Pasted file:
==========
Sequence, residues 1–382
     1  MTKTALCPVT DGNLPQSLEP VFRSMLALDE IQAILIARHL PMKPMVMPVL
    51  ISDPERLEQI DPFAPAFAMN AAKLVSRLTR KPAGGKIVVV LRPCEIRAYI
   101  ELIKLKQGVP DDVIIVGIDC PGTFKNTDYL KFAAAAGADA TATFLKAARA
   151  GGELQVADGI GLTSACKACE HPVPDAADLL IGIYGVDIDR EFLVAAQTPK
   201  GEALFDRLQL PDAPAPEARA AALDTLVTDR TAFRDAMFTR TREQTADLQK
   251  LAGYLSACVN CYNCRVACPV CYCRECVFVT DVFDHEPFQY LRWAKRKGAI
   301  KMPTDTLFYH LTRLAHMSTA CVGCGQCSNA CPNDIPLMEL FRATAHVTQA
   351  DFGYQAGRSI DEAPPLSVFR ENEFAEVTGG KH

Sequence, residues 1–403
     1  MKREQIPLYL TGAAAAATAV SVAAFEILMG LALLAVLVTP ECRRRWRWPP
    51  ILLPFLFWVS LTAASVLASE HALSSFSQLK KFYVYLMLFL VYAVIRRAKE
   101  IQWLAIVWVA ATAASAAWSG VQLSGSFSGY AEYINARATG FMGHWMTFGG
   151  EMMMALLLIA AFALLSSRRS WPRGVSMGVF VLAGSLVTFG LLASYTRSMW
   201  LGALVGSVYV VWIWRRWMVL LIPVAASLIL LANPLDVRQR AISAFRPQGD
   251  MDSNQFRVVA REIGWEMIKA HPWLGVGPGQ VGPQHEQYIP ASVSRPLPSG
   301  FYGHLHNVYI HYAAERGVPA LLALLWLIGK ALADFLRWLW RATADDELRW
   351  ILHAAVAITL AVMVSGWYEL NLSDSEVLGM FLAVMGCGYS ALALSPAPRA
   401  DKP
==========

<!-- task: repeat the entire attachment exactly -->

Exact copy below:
Sequence, residues 1–382
     1  MTKTALCPVT DGNLPQSLEP VFRSMLALDE IQAILIARHL PMKPMVMPVL
    51  ISDPERLEQI DPFAPAFAMN AAKLVSRLTR KPAGGKIVVV LRPCEIRAYI
   101  ELIKLKQGVP DDVIIVGIDC PGTFKNTDYL KFAAAAGADA TATFLKAARA
   151  GGELQVADGI GLTSACKACE HPVPDAADLL IGIYGVDIDR EFLVAAQTPK
   201  GEALFDRLQL PDAPAPEARA AALDTLVTDR TAFRDAMFTR TREQTADLQK
   251  LAGYLSACVN CYNCRVACPV CYCRECVFVT DVFDHEPFQY LRWAKRKGAI
   301  KMPTDTLFYH LTRLAHMSTA CVGCGQCSNA CPNDIPLMEL FRATAHVTQA
   351  DFGYQAGRSI DEAPPLSVFR ENEFAEVTGG KH

Sequence, residues 1–403
     1  MKREQIPLYL TGAAAAATAV SVAAFEILMG LALLAVLVTP ECRRRWRWPP
    51  ILLPFLFWVS LTAASVLASE HALSSFSQLK KFYVYLMLFL VYAVIRRAKE
   101  IQWLAIVWVA ATAASAAWSG VQLSGSFSGY AEYINARATG FMGHWMTFGG
   151  EMMMALLLIA AFALLSSRRS WPRGVSMGVF VLAGSLVTFG LLASYTRSMW
   201  LGALVGSVYV VWIWRRWMVL LIPVAASLIL LANPLDVRQR AISAFRPQGD
   251  MDSNQFRVVA REIGWEMIKA HPWLGVGPGQ VGPQHEQYIP ASVSRPLPSG
   301  FYGHLHNVYI HYAAERGVPA LLALLWLIGK ALADFLRWLW RATADDELRW
   351  ILHAAVAITL AVMVSGWYEL NLSDSEVLGM FLAVMGCGYS ALALSPAPRA
   401  DKP